Yourgene Health has recently launched IONA®Care, an advanced prenatal screening test that performs whole-genome analysis to measure the likelihood that a pregnant woman is carrying a fetus with one the most common trisomies (trisomy 21, 18 and 13), any other Autosomal Aneuploidy (AA) or a Sex Chromosome Aneuploidy (SCA). IONA® Care is available from the Yourgene Genomic Services laboratory in Manchester, UK. The test is available as a menu, enabling pregnant women, their families and clinicians to only find out information on the conditions specifically requested. Yourgene felt this was the responsible thing to do as screening for AAs and SCAs and the follow-up counselling can be more complicated than the more common trisomies and therefore felt this additional information should be optional. We spoke with Dr Greg Fitzgibbon, our Director of Clinical Affairs, to find out more about screening for AAs and SCAs and the clinical implications and benefits.

Dr Greg Fitzgibbon, PhD, DipRCPath, HCPC – Director of Clinical Affairs

Dr Greg Fitzgibbon, PhD, DipRCPath, HCPC - Director of Clinical Affairs

Greg is a Clinical Laboratory Director with New York State Department of Health Certificate of Qualification and provides the clinical expertise required for Yourgene Health’s expanding business and product portfolio. Greg previously lead the operations team in performing product development, as well as ensuring the compliance to regulatory requirements and performing business management activities.

Greg holds a Doctorate in Molecular Biology, he is a Diplomate of the Royal College of Pathologists and has over 8 years management experience in Clinical Science for the NHS. He also has over 8 years involvement with the inception, growth and development of Biotechnology businesses including Syngenta, Gen-Probe, Hologic and Epistem on top of validating technologies for corporate giants including GSK and Government Institutions.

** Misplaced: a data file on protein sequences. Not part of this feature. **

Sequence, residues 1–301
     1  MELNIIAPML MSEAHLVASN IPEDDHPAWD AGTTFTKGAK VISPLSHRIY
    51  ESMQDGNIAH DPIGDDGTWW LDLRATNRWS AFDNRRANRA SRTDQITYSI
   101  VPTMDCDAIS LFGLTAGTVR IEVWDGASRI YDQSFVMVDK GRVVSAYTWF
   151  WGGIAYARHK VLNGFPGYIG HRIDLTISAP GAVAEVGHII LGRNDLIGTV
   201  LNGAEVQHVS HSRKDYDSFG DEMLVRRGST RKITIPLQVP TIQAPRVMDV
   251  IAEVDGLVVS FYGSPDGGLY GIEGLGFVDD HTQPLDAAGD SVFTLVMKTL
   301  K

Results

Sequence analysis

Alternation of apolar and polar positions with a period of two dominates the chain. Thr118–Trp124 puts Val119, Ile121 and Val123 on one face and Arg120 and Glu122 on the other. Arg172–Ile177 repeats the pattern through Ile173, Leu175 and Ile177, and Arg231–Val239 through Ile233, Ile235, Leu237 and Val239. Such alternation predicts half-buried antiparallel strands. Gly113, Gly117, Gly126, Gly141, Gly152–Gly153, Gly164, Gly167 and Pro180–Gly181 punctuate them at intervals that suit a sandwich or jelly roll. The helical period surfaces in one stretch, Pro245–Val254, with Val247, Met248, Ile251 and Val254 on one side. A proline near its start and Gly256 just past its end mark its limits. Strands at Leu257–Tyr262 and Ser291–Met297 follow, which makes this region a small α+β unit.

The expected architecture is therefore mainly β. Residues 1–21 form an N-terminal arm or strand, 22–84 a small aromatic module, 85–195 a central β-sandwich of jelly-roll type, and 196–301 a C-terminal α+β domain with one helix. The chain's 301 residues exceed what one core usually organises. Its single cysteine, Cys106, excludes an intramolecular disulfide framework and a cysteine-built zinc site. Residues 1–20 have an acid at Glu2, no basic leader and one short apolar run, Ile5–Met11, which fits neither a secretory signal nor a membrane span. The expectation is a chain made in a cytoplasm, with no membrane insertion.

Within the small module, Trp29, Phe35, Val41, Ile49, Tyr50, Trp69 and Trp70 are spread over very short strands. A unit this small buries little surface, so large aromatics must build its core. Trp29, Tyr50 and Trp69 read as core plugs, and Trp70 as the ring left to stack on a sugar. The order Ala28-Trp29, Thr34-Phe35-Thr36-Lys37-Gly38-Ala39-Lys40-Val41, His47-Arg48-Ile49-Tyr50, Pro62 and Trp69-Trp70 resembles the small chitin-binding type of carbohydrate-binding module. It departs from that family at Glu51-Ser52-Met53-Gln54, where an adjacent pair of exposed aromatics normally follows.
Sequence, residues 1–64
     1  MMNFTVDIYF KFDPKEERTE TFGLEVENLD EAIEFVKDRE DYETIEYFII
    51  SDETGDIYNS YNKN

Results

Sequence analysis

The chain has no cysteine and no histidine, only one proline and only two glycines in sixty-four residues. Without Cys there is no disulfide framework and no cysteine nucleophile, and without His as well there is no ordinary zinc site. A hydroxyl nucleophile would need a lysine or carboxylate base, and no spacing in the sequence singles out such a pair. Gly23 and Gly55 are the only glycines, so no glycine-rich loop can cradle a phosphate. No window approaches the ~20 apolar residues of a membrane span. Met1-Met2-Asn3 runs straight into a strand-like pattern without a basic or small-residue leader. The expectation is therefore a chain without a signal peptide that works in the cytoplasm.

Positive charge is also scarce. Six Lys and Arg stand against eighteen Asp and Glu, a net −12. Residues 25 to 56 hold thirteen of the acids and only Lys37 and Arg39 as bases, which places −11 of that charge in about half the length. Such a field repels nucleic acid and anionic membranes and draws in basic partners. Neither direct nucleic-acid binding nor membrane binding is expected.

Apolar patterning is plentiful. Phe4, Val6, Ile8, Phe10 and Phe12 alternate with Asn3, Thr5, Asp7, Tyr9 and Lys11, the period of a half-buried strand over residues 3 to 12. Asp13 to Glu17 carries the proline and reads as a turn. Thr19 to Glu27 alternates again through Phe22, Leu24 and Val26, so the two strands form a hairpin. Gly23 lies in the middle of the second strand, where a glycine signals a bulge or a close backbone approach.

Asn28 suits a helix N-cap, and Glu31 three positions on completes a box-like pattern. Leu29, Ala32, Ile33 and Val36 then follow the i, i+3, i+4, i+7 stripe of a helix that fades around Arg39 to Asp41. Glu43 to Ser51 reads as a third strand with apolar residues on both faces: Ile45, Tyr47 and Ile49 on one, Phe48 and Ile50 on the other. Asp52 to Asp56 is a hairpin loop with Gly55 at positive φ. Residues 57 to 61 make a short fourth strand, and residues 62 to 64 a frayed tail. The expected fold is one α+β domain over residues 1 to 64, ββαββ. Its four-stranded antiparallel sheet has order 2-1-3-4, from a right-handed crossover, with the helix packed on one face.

When thinking about testing for SCAs and AAs, are there particular groups of women who are at a higher risk of having a baby that is affected by one of the conditions? For example, we know that the risk of having a baby affected by Down’s syndrome increases with maternal age; is the same true for these other conditions and are there other factors that affect the incidence? 

Yes, like Down’s syndrome SCAs and AAs are aneuploidy syndromes and therefore the incidences of certain SCAs and AAs increase as maternal age increases. This is caused due to an erroneous event called nondisjunction, essentially a failure of homologous chromosome to separate within the egg, which occurs more frequently with advanced maternal age. I say ‘certain’ SCAs however because in the case of Turner Syndrome (monosomy X) there is much higher incidence of sperm production errors therefore the majority of cases of Turners are paternal in origin.

What are the clinical benefits of testing for SCAs and AAs? 

For SCAs, the main clinical benefit is earlier detection of the conditions. Unlike Down’s syndrome and the more common autosomal trisomies, SCAs can sometimes have quite subtle features on ultrasound scans which can make them more difficult to detect prenatally. Consequently, a large proportion of cases, particularly Klinefelter’s syndrome (47,XXY) are identified and diagnosed either postnatally, at puberty, or even later on in life (if at all). Routine SCA screening using NIPT allows for the detection of these conditions prenatally from 10 weeks gestational and at no risk to the fetus. This approach not only provides parents with insight, but facilitates improved care by allowing clinical teams to arrange patient care and obstetric management as appropriate.